The results of the study show that peach leaves can serve as a reliable source of natural antioxidants and the basis for the development of drugs for diseases associated with oxidative stress.

The article was published in the International Journal of Mass Spectrometry.

30 Jan 2018
The conference on international arbitration, where law students from European universities simulate court proceedings and alternately defend the interests of the respondent and the orator.
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Main Publications View all
15 Nov 2017
RUDN University scientists publish results of their scientific researches in highly-recognized in whole world and indexed in international databases journals (Web of Science, Scopus ect.). That, of course, corresponds to the high status of the University and its international recognition. Publications of June-September 2017 ( In Journals of categories Q1-Q3)
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30 Dec
Biologists from RUDN University discovered the secret of flaxseed oil with long shelf life

Biologists from RUDN University working together with their colleagues from the Institute of Molecular Biology of the Russian Academy of Sciences and the Institute of Flax studied the genes that determine the fatty acid composition in flaxseed oil and identified polymorphisms in six of them. The team also found out what gene variations could extend the shelf life of flaxseed oil. This data can be used to improve the genetic selection of new flax breeds. The results were published in the BMC Plant Biology journal.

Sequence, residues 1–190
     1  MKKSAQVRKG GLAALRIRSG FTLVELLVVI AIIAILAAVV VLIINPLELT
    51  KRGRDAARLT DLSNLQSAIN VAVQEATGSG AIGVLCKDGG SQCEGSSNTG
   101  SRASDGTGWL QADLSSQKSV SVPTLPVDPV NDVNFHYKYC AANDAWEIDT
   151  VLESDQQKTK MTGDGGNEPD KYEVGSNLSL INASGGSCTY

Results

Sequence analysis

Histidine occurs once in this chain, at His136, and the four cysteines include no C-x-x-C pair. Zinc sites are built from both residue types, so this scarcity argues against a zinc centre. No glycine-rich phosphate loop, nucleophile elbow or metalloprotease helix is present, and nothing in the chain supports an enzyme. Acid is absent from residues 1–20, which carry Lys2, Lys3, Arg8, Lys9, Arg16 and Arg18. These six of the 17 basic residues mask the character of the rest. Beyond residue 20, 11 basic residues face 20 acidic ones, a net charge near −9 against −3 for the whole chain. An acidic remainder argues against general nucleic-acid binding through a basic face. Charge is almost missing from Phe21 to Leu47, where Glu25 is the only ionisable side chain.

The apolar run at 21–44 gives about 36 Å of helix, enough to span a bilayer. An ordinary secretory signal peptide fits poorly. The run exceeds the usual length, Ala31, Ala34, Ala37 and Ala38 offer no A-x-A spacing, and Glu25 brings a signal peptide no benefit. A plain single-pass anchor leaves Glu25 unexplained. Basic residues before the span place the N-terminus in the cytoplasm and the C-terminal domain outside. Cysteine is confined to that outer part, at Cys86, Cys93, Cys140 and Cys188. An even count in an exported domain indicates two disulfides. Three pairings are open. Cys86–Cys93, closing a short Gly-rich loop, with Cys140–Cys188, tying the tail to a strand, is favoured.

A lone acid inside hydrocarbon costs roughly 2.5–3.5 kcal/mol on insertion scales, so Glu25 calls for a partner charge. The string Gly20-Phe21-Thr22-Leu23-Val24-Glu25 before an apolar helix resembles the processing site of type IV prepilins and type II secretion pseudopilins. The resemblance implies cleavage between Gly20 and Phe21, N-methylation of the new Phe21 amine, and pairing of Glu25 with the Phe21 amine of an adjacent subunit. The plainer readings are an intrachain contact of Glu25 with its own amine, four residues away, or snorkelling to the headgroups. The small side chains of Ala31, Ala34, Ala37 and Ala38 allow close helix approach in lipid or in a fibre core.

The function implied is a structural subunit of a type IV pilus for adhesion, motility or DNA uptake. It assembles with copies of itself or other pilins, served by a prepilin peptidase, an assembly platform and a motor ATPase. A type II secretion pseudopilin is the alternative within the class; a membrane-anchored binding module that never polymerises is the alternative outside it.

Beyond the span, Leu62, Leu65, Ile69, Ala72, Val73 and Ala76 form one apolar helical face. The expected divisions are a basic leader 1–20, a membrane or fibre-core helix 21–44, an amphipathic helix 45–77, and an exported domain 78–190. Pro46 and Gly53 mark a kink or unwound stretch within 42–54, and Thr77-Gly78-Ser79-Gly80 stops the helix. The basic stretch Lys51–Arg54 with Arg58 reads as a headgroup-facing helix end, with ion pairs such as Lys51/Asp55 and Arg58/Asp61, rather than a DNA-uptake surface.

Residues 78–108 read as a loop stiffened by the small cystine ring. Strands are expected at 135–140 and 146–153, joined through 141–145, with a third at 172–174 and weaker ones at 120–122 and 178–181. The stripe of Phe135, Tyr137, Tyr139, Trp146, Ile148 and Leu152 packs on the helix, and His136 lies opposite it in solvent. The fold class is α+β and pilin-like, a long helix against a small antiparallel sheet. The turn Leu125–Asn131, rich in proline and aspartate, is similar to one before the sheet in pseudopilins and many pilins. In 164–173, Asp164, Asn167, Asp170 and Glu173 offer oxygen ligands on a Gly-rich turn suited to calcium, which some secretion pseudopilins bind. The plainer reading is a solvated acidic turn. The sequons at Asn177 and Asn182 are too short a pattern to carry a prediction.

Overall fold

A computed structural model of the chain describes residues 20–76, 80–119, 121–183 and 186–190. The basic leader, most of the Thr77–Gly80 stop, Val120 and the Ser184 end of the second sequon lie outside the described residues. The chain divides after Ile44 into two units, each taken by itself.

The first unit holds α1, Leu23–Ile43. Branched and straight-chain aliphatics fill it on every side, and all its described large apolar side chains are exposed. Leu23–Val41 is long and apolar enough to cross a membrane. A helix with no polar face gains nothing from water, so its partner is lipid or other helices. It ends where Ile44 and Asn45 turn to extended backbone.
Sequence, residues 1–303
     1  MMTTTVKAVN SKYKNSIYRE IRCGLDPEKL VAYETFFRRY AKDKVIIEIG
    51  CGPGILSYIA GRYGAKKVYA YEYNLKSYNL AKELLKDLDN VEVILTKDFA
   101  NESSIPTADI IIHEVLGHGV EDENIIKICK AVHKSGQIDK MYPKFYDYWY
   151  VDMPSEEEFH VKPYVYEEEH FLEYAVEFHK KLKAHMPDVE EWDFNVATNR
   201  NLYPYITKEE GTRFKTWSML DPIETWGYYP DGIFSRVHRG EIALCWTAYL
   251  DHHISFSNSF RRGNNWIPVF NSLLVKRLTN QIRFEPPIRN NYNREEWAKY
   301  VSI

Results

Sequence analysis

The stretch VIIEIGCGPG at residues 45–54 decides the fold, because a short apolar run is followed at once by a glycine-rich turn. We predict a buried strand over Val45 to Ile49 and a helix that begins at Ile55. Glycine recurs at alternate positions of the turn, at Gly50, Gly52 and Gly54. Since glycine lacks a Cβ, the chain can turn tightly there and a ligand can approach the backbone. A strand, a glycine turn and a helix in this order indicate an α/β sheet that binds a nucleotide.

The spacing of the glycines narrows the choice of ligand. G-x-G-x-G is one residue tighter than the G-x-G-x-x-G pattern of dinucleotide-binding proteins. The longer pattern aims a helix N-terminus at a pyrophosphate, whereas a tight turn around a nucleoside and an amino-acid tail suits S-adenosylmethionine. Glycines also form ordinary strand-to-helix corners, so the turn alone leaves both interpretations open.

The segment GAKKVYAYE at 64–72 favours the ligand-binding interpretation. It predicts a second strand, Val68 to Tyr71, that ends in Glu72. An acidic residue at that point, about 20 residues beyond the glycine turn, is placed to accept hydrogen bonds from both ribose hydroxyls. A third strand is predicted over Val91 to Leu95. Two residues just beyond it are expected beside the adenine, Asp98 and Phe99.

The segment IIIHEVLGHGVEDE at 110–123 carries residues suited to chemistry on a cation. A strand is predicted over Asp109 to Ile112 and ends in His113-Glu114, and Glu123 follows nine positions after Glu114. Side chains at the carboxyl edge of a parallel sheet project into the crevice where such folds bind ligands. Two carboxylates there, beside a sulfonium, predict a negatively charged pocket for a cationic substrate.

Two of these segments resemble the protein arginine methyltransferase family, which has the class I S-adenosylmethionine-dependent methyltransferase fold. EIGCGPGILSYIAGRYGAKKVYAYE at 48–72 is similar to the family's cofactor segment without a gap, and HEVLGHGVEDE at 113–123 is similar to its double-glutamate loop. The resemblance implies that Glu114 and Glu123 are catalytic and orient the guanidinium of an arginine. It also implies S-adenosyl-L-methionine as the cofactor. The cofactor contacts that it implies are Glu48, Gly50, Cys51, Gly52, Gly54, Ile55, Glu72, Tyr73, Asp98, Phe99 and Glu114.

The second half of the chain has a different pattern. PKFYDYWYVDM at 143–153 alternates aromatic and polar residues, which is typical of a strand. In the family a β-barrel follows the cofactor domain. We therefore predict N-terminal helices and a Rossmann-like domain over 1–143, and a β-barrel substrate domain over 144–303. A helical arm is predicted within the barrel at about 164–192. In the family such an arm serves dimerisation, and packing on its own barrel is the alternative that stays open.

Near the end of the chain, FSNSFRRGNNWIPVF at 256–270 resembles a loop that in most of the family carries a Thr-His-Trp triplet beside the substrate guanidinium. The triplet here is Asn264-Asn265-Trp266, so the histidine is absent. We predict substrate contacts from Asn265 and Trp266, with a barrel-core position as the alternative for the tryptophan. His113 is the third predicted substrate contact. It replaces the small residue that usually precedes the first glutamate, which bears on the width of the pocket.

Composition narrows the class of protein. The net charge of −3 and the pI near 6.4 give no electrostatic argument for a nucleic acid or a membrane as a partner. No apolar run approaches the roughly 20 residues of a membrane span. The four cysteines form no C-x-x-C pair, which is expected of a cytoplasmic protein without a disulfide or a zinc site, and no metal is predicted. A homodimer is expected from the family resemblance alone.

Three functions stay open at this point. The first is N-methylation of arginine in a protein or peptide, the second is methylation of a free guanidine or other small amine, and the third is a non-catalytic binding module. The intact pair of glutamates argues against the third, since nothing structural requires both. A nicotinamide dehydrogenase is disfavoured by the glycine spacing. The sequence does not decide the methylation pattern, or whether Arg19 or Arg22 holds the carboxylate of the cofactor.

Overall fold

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19 Apr
Dentists from RUDN University Presented a New Classification of Root Canal Shape Changes

Individual characteristics of the shape and cross-section of the root canal are one of the main issues for dentists. When treating a root canal, a doctor needs to properly clean it, fill it, and carry out a rebuilding procedure so that a canal is sealed. The first stage of endodontic treatment requires detailed knowledge of root canal anatomy. A team of dentists from RUDN University studied and classified various changes in root canal shapes. The new classification will help doctors avoid diagnostic errors, better select their tools, and treat patients more efficiently.

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19 Apr
A chemist from RUDN developed a green catalyst for pharmaceutical and industrial chemistr

Many production facilities (e.g. plastic manufacturers, pharma companies, and others) use nanocatalysts that contain palladium—an expensive component that is not sustainably produced. A chemist from RUDN University found a way to reduce palladium consumption and to make its manufacture more eco-friendly. He developed a catalyst based on a substance that comes from plant waste. Using his invention, manufacturers could cut palladium consumption in half. Moreover, new catalysts can be reused multiple times without any decrease in efficiency.